Environmental pollution and the CNMI

The CNMI Constitution has a unique provision that relates to the environment. Article I, section 9, in part states: “Each person has the right to a clean and healthful public environment in all areas, including the land, air and water.” This constitutional provision mandates that each person is entitled to a clean environment. It also mandates that the environment must promote each person’s health.

This constitutional provision provides that our air and water must not be polluted, and that our islands must be free and clear of trash, debris and other types of pollution. Sadly, however, the cause of most (If not all) pollution is man himself. It is us—the consumers, developers and construction firms—that pollute the environment. And although we have many laws, both federal and local, that are intended to control pollution in the air, on land and in the sea, many of us try to avoid these laws and regulations. We do so because we are lazy and because compliance with these laws is expensive and at times burdensome. A major culprit, however, is the lack of government enforcement of our environmental laws.

Pollution comes in many forms. The most obvious ones, of course, are the ones we see or smell. Nuisance is a form of pollution. So is the constant sewage outflow on manholes. So is the poisoning of our fishes, coral, other sea life, as well as oil and gas spills and other form of ocean pollution. So is the dumping of trash and debris on the side of the road or in abandoned areas. And so is the recent Rhino bug infestation killing many of the coconut trees in the CNMI and the apparent lack of an entomologist to address such infestation.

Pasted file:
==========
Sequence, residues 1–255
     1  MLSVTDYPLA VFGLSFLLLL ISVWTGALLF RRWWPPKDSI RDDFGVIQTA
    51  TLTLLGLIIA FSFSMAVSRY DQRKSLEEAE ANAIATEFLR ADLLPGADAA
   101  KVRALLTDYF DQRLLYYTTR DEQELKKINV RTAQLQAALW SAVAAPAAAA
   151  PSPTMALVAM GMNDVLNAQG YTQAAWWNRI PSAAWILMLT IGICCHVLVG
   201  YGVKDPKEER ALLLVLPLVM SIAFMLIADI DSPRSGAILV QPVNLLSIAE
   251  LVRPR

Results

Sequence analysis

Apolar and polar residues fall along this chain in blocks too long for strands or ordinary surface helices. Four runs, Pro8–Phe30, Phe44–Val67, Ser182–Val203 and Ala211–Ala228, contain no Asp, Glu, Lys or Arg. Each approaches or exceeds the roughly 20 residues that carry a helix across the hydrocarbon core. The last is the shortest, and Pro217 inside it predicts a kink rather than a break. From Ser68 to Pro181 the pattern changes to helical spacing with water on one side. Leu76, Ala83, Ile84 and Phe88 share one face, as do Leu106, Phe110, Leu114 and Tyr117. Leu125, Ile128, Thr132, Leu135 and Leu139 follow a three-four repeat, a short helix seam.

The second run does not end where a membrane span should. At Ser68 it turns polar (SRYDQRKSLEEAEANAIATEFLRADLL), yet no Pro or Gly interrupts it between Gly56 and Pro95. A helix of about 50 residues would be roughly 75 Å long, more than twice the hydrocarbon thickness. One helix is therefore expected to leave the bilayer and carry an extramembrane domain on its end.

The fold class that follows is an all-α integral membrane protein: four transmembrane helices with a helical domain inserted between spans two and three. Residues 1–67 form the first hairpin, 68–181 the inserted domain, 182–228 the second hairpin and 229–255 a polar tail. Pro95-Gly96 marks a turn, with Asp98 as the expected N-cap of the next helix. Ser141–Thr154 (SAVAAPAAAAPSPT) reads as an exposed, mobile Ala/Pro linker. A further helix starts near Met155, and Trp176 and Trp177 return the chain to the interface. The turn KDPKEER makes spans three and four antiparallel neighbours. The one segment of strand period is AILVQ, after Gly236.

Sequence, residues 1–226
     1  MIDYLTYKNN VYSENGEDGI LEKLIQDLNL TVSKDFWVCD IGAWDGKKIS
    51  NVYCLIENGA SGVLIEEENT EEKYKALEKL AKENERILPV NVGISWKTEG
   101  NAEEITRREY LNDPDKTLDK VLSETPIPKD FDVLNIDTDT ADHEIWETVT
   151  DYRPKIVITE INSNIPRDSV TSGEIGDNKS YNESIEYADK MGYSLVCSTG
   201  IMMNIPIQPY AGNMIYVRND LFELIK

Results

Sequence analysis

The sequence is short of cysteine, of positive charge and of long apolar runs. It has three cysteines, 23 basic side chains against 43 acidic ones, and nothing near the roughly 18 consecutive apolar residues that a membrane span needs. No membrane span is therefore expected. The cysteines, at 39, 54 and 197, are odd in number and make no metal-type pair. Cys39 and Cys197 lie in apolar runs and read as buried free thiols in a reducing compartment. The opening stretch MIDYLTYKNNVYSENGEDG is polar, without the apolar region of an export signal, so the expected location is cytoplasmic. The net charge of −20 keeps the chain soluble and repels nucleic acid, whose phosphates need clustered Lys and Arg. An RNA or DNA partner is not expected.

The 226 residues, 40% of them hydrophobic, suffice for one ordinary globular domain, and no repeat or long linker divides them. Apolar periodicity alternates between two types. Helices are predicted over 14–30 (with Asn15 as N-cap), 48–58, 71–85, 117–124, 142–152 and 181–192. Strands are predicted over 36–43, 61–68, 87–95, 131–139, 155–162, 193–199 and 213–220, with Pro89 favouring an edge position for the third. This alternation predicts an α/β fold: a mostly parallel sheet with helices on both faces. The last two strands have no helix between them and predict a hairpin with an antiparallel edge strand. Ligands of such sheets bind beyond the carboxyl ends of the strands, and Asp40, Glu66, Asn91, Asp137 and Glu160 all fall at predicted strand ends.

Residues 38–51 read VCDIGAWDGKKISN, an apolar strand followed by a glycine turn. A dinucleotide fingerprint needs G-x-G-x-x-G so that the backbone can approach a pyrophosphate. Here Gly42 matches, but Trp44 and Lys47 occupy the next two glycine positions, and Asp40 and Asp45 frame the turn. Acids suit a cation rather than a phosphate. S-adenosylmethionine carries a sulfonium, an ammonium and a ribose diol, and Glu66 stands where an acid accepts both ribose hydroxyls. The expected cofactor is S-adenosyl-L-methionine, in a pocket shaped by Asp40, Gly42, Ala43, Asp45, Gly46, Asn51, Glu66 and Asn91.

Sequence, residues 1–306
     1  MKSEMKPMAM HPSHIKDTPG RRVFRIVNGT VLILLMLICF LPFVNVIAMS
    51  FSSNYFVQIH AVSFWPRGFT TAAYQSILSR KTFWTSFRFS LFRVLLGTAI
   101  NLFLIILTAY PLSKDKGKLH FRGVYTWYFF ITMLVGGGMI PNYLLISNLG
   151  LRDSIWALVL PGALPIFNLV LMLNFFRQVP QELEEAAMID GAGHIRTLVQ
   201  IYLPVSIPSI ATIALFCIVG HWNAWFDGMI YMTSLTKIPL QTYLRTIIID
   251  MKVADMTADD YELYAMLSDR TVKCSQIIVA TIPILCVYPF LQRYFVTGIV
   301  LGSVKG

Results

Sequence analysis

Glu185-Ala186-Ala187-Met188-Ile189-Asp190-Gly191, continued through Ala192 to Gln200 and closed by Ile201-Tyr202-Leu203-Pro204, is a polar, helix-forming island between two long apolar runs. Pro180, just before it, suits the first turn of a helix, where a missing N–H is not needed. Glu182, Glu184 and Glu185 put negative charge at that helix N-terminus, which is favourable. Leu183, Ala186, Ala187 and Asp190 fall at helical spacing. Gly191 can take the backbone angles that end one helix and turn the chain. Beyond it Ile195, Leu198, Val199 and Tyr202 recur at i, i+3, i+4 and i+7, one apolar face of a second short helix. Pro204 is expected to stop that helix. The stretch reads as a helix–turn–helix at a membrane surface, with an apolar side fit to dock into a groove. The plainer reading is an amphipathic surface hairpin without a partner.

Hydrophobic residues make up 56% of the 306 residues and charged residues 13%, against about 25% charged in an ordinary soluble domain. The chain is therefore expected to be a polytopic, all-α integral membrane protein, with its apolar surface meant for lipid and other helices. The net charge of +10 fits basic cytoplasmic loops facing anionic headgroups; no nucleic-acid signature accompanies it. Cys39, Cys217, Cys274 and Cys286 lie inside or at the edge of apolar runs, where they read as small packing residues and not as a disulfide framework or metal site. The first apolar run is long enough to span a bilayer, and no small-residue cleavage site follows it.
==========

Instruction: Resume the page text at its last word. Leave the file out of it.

I wish to call on the Torres-Hocog administration and the newly sworn-in members of the 20th CNMI Legislature to please make the CNMI environment a high priority on your list of proposed policies and legislations. If we are going to foster and develop further our tourist industry, we need to put a special emphasis on our environment. A clean environment not only attracts visitors to our islands, but more importantly, it promotes a healthy environment for each person in the Commonwealth and safeguards our natural resources for our children and grandchildren.

We should never allow any development that compromises our environment. We should never permit any development until after all environmental concerns have been addressed and resolved in advance of construction. Otherwise, a development that is allowed without addressing all adverse environmental consequences will harm our people and our environment and, many times, have long-term adverse effects on our health. An excellent example of this is the post-war dumping of hazardous and toxic materials by the U.S. military in the village of Tanapag.

Jose S. Dela Cruz
Koblerville, Saipan

Jose S. Dela Cruz Author

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